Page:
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POWER SUPPLY REQUIREMENTS AND VOLTAGE CALCULATIONS

FOR CABLE POWERED CATV SYSTEMS

James K. Waldo

I am reminded repeatedly of how very calculations. Do not use just the rules
basic and straightforwared calculating of thumb without actual calculations or
voltage drops and subsequent amplifier you will get into trouble.
voltage inputs is. I have learned, that
unless calculations are made on a consis- Remember: IR drop is the voltage
tant basis, though they are basic, aren't drop in the cable preceding the amplifier
quite as straightforward to the average and is equal to the total current
technician as one may think. If the associated with that drop times the loop
Chief Engineer, Design Engineer or who- resistance of that drop.
ever is not familiar with how to calculate
voltage drops and subsequent voltage Loop resistance is defined as the
inputs to the various amplifiers, the end resistance of a piece of cable shorted
result can be very costly. The following at one end and measured at the other
is an attempt to show and or explain how between shield and center conductor. The
these calculations are made, so that the unit of measure is in ohms. In manu-
end result will be a well-designed power facturer specs., it is usually given in
distribution system as well as a well- ohms per 1,000 feet.
designed RF system.
You must look up the loop resistance
for the cable in your system. In the
majority of our cable systems, constant
Some basic rules of thumb will keep current amplifier power supplies are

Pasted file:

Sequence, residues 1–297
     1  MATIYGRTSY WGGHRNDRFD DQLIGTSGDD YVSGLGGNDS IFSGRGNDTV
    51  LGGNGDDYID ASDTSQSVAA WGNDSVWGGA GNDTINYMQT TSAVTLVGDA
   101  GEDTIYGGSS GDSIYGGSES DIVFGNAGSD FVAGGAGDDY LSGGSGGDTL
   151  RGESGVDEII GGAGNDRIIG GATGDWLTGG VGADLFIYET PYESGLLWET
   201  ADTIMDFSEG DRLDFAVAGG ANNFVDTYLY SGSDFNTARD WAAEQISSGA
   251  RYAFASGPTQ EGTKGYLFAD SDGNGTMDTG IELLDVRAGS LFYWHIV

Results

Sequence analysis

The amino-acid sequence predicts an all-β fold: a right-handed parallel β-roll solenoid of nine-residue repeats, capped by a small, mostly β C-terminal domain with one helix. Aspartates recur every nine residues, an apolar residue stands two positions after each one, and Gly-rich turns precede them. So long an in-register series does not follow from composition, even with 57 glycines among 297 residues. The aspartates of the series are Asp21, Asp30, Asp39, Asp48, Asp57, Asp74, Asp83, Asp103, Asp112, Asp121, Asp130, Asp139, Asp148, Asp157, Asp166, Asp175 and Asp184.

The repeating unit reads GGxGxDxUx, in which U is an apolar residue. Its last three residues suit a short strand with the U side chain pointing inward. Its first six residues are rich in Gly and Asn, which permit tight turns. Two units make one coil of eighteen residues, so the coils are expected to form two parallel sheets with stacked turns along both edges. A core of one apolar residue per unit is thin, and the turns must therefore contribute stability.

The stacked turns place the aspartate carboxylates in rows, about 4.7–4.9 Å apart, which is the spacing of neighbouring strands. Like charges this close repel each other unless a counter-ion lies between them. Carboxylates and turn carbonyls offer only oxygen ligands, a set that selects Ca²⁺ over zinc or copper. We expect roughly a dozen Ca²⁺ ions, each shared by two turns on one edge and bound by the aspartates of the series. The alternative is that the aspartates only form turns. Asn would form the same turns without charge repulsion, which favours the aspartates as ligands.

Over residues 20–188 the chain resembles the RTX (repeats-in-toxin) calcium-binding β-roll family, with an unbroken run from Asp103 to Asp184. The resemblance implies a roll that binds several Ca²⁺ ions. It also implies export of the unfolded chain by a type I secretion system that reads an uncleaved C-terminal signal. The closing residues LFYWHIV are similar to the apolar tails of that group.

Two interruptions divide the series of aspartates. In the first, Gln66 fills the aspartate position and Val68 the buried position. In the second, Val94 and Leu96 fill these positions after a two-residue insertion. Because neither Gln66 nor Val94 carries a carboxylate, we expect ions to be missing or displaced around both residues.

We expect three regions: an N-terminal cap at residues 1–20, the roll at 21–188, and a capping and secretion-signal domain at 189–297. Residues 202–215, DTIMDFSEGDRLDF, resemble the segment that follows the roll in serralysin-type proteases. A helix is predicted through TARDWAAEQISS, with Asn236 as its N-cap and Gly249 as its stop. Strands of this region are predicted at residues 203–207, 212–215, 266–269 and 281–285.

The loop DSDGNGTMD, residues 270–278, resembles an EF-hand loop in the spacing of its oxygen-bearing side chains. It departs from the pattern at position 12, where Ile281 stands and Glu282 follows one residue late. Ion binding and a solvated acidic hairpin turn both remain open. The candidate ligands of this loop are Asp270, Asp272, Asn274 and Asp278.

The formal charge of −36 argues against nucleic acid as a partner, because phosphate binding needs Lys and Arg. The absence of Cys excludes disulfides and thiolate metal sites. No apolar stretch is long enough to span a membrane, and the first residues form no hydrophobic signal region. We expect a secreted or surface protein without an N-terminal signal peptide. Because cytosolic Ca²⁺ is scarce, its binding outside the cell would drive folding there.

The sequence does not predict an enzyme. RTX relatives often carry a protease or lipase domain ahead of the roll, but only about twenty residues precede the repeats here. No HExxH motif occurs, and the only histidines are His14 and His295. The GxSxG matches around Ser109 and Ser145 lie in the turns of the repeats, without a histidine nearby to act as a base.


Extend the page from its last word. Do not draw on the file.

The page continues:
you in the ball park. used and the manufacturer's specs. can be
obtained from the amplifier literature.

30 Volt Systems The current requirements are greater


for amplifiers in 30 volt systems than
1. Approximately two (2) trunk for 60 volt systems.
stations in both directions of
the power supply with no more Most modern day systems are built
than three (3) extenders off of with 60 volt power supplies, as more
each one. amplifiers may be fed per power supply
and surge immunity is improved.
2. Minimum input voltage to an amp
should not be less than 22 Volts The current state of the art
AC. amplifiers utilize what are called
switching regulator type power supplies,
whereas the current is not as constant
60 Volt Systems as is the power. The Jerrold SJ amps
are of this type. The manufacturer's
1. Approximately three (3) trunk specs. for these types of amplifiers
stations in both directions of gives the power requirements of each
the power supply. station. For the purpose of this paper,
you are to utilize the average current
2. .t>1inimum input voltage to amp given in the manufacturer's specs. in
should not be less than 45 Volts. the described procedure for calculating
IR drops.
3. No more than three (3) extenders
per trunk station. EX: Model SJ-1 A trunk station,
power requirements utilizing the SPCM
switching regulator type power pack, is
These are merely rules of thumb that 31 watts (approximately .52 amps at
will do nothing more than get you in the 60 Volts).
ball park prior to the actual

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The Starline One series amps utilize Amp #1 Voltage Input = 60 - Edrop(C) -
constant current power supplies, as do
amplifiers utilizing the SPP-30 and 60 Edrop(D) = 60 - 1.92 - l.Sl =
volt power packs. These are often
referred to as constant current series S6.S7 Volts
regulator type power supplies.

Exhibit A will take you through the Amp #3 Voltage Input 60 - 1.92
calculations for IR drops and subsequent
input voltages to each amp for a 60 volt S8.08 Volts
system utilizing Jerrold push pull amps
with SPP-60 volt power packs.
Amp #2 Voltage Input 60 - 1.92

Refer to Exhibit A S8.08 Volts

Edrop(A) IT (total current required of


amplifiers in Section Z) X After the Input Voltage to each